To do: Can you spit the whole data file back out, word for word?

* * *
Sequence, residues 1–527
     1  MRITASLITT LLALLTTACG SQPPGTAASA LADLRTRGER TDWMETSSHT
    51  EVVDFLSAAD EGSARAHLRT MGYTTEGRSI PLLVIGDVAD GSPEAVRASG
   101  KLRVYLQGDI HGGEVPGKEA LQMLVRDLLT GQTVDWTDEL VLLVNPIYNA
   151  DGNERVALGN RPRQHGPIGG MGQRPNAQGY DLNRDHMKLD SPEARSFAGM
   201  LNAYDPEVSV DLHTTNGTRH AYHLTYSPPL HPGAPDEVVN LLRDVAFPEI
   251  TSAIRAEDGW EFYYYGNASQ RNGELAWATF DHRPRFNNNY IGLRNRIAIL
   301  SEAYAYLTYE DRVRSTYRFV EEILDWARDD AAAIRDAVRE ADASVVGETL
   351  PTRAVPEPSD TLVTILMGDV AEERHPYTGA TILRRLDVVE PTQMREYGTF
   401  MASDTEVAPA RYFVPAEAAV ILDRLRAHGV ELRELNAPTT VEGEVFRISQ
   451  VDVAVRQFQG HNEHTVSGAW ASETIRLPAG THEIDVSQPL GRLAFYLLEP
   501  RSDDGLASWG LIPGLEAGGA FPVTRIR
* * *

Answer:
Sequence, residues 1–527
     1  MRITASLITT LLALLTTACG SQPPGTAASA LADLRTRGER TDWMETSSHT
    51  EVVDFLSAAD EGSARAHLRT MGYTTEGRSI PLLVIGDVAD GSPEAVRASG
   101  KLRVYLQGDI HGGEVPGKEA LQMLVRDLLT GQTVDWTDEL VLLVNPIYNA
   151  DGNERVALGN RPRQHGPIGG MGQRPNAQGY DLNRDHMKLD SPEARSFAGM
   201  LNAYDPEVSV DLHTTNGTRH AYHLTYSPPL HPGAPDEVVN LLRDVAFPEI
   251  TSAIRAEDGW EFYYYGNASQ RNGELAWATF DHRPRFNNNY IGLRNRIAIL
   301  SEAYAYLTYE DRVRSTYRFV EEILDWARDD AAAIRDAVRE ADASVVGETL
   351  PTRAVPEPSD TLVTILMGDV AEERHPYTGA TILRRLDVVE PTQMREYGTF
   401  MASDTEVAPA RYFVPAEAAV ILDRLRAHGV ELRELNAPTT VEGEVFRISQ
   451  VDVAVRQFQG HNEHTVSGAW ASETIRLPAG THEIDVSQPL GRLAFYLLEP
   501  RSDDGLASWG LIPGLEAGGA FPVTRIR